InterVarsity and Rutgers

In September 2002, the Administration of Rutgers University suspended the multiethnic chapter of InterVarsity, alleging that the chapter’s constitution violated the university’s anti-discrimination policies. The university claims that by insisting that student leaders affirm InterVarsity’s Statement of Faith, the chapter discriminates on the basis of religion.

For more than three months, student leaders and InterVarsity staff members have sought a resolution to the suspension, that would allow the chapter to remain on campus and maintain religious standards for leadership. When the university refused to reconsider reinstating InterVarsity, the chapter filed a complaint in federal court on December 30, 2002 asking for an injunction requiring Rutgers to recognize the chapter.

The Events

In September 2002, the Fellowship was suspended by Rutgers University – and denied access to University facilities and student activity fee funds – because the Fellowship’s constitution did not contain the University’s mandatory anti-discrimination statement. The statement reads as follows:


“Membership shall be open to all Rutgers University students and must comply with federal laws prohibiting discrimination on the basis of . . . religious affiliation. Compliance with these laws means that membership, benefits and the election of officers will not be made on the basis of these factors.”


Since the Fellowship’s constitution states that “only those persons committed to the Basis of Faith and the Purpose of this organization are eligible for leadership positions,” the Fellowship violated University policy. In other words, by using explicitly religious criteria to make leadership decision, the Fellowship “discriminates” on the basis of religion. Since Rutgers deems such discrimination unlawful, it suspended the Fellowship.

Attempts to resolve this situation

InterVarsity student leaders and local staff discussed the issue with the Student Affairs Office and the Dean’s Office of Rutgers University. The local chapter moved its meetings off campus while the issue remains unresolved and has sought amicable relations with school officials. InterVarsity’s legal counsel sent letters to the university outlining the First Amendment rights of the student group and offered instances where other universities have maintained the balance of religious freedom and non-discrimination without prejudicing constitutional rights of assembly or speech.

Occurrences at other schools

InterVarsity’s right to be a recognized student group on campus has been challenged on dozens of campuses in the past decade. In some cases, chapters were de-recognized or suspended temporarily. But in every case, these challenges have been resolved without resorting to litigation. This is the first time that a public university has insisted that a religious group on campus cannot choose its leadership on the basis of religious criteria.

Does this happen to other religious groups?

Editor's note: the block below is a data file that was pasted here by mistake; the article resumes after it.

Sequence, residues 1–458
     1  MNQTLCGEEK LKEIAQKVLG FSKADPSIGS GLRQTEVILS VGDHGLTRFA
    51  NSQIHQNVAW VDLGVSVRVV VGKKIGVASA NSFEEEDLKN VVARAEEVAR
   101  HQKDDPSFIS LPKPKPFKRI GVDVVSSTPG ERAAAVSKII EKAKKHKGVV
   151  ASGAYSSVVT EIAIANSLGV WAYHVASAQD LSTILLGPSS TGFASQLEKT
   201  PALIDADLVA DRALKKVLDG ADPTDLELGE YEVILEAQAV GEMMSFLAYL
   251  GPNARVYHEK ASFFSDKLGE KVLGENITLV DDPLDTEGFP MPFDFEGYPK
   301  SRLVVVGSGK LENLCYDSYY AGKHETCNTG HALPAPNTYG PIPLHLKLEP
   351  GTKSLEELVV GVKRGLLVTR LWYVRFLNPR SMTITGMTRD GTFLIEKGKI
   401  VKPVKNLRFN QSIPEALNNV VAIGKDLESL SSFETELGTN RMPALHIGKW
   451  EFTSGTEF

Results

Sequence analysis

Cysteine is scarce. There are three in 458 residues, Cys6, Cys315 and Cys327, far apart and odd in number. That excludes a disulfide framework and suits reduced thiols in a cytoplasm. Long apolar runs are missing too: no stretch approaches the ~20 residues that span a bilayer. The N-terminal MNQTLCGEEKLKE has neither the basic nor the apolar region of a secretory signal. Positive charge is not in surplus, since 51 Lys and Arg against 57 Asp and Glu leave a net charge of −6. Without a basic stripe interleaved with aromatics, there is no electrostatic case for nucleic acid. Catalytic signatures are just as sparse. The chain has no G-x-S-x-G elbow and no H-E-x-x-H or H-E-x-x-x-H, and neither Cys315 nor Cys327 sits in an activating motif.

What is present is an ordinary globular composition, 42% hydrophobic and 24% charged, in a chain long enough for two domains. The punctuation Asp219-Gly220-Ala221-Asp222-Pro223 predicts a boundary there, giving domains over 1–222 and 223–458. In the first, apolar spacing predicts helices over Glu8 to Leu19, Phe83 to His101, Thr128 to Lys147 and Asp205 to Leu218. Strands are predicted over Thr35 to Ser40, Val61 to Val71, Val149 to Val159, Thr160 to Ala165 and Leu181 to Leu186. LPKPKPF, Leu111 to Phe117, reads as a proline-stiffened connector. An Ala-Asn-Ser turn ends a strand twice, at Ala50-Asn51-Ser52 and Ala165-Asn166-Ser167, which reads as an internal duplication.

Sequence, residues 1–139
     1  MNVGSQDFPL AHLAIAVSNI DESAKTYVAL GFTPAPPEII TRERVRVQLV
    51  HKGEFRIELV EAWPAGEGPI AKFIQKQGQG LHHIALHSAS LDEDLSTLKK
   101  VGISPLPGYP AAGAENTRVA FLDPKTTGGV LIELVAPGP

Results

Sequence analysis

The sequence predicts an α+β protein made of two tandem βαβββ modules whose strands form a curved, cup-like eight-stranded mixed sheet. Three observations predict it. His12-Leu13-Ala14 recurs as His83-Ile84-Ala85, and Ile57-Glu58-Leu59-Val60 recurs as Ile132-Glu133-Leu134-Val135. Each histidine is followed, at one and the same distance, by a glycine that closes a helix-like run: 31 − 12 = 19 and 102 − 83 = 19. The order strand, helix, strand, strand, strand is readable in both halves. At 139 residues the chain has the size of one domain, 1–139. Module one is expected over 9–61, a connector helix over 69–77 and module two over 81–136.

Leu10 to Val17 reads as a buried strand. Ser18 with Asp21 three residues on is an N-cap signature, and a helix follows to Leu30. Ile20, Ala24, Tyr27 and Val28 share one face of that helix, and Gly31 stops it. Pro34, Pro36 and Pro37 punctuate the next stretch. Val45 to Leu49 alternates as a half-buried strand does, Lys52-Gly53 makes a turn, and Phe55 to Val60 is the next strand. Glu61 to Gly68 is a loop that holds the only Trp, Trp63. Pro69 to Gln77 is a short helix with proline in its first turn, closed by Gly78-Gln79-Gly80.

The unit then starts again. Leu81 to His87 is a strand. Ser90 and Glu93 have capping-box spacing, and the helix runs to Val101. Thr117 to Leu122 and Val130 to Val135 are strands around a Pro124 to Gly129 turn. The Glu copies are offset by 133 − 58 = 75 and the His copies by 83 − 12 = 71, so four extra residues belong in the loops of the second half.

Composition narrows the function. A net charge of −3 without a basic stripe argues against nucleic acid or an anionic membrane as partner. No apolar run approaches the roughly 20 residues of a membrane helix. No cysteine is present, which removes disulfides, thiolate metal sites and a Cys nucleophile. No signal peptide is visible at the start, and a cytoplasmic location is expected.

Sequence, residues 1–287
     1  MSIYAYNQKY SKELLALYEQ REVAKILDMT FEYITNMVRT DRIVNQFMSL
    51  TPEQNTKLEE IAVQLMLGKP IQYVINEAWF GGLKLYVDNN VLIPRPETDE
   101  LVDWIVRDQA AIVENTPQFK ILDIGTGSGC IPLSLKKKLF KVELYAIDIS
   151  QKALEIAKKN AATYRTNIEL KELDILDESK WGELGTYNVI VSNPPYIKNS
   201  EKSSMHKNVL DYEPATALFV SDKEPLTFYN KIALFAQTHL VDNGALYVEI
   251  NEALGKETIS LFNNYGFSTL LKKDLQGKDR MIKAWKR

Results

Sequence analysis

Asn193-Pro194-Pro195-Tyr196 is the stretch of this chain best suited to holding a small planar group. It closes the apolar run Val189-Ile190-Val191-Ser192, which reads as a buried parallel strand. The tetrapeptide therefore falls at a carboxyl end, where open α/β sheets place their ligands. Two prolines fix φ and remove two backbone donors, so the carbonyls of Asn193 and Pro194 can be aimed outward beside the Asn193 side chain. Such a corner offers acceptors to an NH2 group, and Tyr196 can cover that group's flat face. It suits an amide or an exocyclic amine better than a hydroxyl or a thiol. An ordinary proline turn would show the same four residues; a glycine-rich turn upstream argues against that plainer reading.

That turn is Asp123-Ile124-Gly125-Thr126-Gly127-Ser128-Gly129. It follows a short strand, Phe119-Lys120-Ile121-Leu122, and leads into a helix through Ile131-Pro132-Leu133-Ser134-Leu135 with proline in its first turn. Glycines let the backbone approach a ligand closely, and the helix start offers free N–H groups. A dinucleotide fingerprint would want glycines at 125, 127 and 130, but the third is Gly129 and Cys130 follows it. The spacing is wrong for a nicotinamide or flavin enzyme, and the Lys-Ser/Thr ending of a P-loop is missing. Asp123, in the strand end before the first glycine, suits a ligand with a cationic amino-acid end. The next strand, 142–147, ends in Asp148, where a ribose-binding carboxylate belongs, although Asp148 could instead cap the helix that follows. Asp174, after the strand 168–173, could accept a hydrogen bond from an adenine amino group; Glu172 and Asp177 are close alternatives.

Other religious groups have been similarly challenged from time to time, but like InterVarsity, they resolve the issue without litigation. Some religious groups are content not to be recognized student organizations, or have off-campus student centers. Throughout InterVarsity’s 60-year history, we have maintained chapters that are recognized by the university as legitimate student-run groups, fully integrated into the university extra-curricular system. Rutgers University currently reviews the constitutions of all student organizations every three years, on a rotating basis, and at this point InterVarsity is the only organization whose constitution was found in violation of the school’s policies.

The New Testament and legal action

On issues related to the rights of citizens, the Apostle Paul appealed to representatives of government for redress on several occasions. In Acts 22:22-29, for example, he averted a personal injustice by appealing to his Roman citizenship. This not only spared him from personal pain, but also protected the Roman authorities who would have been called to account for abusing the rights of citizens (V. 29). Paul later appealed his case to Caesar (Acts 25:11), according to his citizen rights. Christians are not prohibited from using legal means to redress wrongs.

Jesus recognized the requirements and strictures of the legal process (Matthew 5:25,26) and urged those charged to seek resolution outside of the court system. While “everyone must submit himself to the governing authorities” (Romans 13:1), Christians refrain from threats and retaliation in order to live peaceably as citizens of the land.

Next steps

The court grants the university time to review the complaint and to prepare its case, if it so chooses. Conversations continue between the university and InterVarsity in an effort to resolve the impasse without the need to pursue the case further in the courts.

For more information, contact:

Public Relations
InterVarsity Christian Fellowship
(608) 274-9001